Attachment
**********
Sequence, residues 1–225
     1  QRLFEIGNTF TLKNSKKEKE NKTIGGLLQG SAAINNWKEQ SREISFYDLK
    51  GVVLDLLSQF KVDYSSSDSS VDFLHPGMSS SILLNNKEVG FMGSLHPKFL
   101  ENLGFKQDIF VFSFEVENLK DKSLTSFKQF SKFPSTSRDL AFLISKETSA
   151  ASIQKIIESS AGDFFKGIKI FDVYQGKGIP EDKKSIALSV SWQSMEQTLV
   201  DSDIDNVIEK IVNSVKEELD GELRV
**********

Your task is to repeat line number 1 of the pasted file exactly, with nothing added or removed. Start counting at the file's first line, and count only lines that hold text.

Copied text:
Sequence, residues 1–225